Those Darn Words

"Without a deep dive into the history of censorship, I'm guessing church people, politicians and zealots of all stripes have been trying to stamp down the idea of books and thoughts for all."

Those Darn Words
Photo by Joe Ciciarelli on Unsplash

Facebook is rife with memes these days.

Quotes, some real--some fake, printed on a background of color, or perhaps an image.

This one just popped up on my Facebook page, in FB's humble opinion, "Suggested for you."

I don't think I've ever seen Robert Heinlein quoted on Facebook before.  Even with typos.

Robert Heinlein was one of the first authors I was allowed to check out of the library at Ben Franklin Elementary in Wichita Falls.  In the whole library, there was about half a shelf of science fiction books by Heinlein, Isaac Asimov, Ray Bradbury, Arthur C. Clarke.  

We--or I--weren't allowed to check out books until the third grade, and then I headed straight for that shelf.  I read and re-read every book on it.

I guess there's a certain irony my first library experience happened in a building named for Benjamin Franklin, the father of the free public library in the United States.  From his personal diary:

“…by thus clubbing our books to a common library, we should, while we lik’d to keep them together, have each of us the advantage of using the books of all the other members, which would be nearly as beneficial as if each owned the whole.”  

The early iteration of Franklin's library was housed on the second floor of the Pennsylvania State House, or what became known as, wait for it, Independence Hall.  You might have seen its front facade, bathed in red, white and blue, behind President Biden in his consequential speech the other night.

That small collection of books, bought by the fifty members of the Philadelphia Junto (Philosophical Society), morphed into a public lending library.  In other words, by 1770, there were public libraries:  so the concept is older than the Declaration of Independence, the Constitution and the United States itself.

Without a deep dive into the history of censorship, I'm guessing church people, politicians and zealots of all stripes, have been trying to stamp down the idea of books and thoughts for all, since then, too.

Certainly, the concept of killing off words caught fire in more than one country in the last century.  There's even a memorial to Nazi book burning.  It's "The Empty Library" on Unter den Linden in the center of Berlin--designed, of course, by an Israeli:  a sculptor name Micha Ullman.

A few years ago, I stumbled into a little censorship squabble here in Temple--the little city straddling I-35 between Waco and Austin.

For Pride Month, the Temple Public Library had laid out a card table with a poster of rainbows and hearts and few books about LGBTQ themes.  There was not a peep of public, or even private, complaint.

But a couple of months later, a local preacher ginned up a petition drive aimed at forcing the library to modify it's policy concerning "controversies."  Of course, it turned out he was also running for the GOP nomination for State Representative--just a coincidence, I'm sure.  That wound up as a three-way contest between the preacher, a local gun-fetishist and the incumbent.  All competed with strident anti-gay rhetoric, and then the incumbent won and went back to Austin.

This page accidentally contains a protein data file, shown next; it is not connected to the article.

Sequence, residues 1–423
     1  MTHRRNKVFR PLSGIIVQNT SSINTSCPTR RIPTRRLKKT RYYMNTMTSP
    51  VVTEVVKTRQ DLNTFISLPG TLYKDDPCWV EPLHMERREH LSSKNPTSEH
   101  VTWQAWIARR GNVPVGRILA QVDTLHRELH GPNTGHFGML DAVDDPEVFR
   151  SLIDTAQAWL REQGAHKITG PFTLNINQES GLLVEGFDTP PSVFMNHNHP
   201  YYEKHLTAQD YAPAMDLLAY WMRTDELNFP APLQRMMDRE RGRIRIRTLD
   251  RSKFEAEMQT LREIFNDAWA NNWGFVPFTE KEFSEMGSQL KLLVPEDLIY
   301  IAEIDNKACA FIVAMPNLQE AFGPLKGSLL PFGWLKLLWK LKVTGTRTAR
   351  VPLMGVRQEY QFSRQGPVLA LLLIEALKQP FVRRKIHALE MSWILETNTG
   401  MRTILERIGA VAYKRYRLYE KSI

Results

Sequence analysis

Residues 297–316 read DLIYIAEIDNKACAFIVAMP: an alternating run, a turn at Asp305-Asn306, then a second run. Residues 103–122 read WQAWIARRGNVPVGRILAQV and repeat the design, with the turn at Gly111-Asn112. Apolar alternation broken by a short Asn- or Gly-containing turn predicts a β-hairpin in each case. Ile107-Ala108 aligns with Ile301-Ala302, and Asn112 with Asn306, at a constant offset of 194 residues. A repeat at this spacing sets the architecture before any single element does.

But I digress.  At the time, I was sufficiently incensed to sign up and speak at the library board's public hearing on the kerfuffle.

My script:

Words of wisdom?

Those words didn't sway anyone.  Eventually the library board did refine its policy language, so the squeaky wheel probably won.  

That was all a few years ago.

Now the church people, politicians and zealots of all stripes are back--hard at work across the state of Texas trying to whitewash our history, privatise our schools and cleanse our libraries.  

Election years provide ample incentive for politicians:

Republican Greg Abbott of Texas is seeking reelection this year and has backed the effort to remove books from school libraries after State Representative Matt Krause sent a list of 850 books to the Texas Education Agency asking to be banned. Gov. Abbott has written multiple letters to state education leaders and groups, asking them to “protect” students from content he called “pornographic.”

Protection seems to be in the mind of the beholder. Sex may be on the mind of the Governor at one moment, but "Holy whiplash, Batman!"

“Freedom of speech is under attack in Texas,” Abbott stated. “There is a dangerous movement by some social media companies to silence conservative ideas and values.”

Since the culture wars tend to follow the election calendar, this year is no different, as the Abbotts, Paxtons, and Patricks fight to diminish the school libraries of Texas.

The Houston Chronicle looked into book banning in Texas schools in August and found, surprise!

“Most efforts to ban books in Texas schools came from 1 politician and GOP pressure, not parents.”
Most efforts to ban books in Texas schools came from 1 politician and GOP pressure, not parents
The Chronicle’s findings represent one of the clearest assessments to date of the...

Though the writers from my favorite shelf in the library at Ben Franklin aren’t around in person to protect us, their words still cut through the BS:

There is more than one way to burn a book. And the world is full of people running about with lit matches. -Ray Bradbury

Texas voters will get their chance in November to piss on extinguish a few of those matches.  Early voting begins on October 24th.  Election day is Tuesday, November 8.

Larry Weidman is a retired local and network TV newsman. He’s lived and worked in Germany, Italy, and Israel, in addition to many, many decades in Texas. His great-great-great grandfather arrived at the San Jacinto Battlefield the day after the battle.